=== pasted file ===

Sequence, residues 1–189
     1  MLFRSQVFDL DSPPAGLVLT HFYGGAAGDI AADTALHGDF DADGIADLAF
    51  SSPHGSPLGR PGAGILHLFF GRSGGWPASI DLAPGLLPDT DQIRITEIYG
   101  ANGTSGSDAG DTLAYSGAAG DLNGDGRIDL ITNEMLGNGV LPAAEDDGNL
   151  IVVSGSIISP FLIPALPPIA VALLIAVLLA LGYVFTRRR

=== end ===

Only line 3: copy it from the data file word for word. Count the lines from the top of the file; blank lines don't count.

    51  SSPHGSPLGR PGAGILHLFF GRSGGWPASI DLAPGLLPDT DQIRITEIYG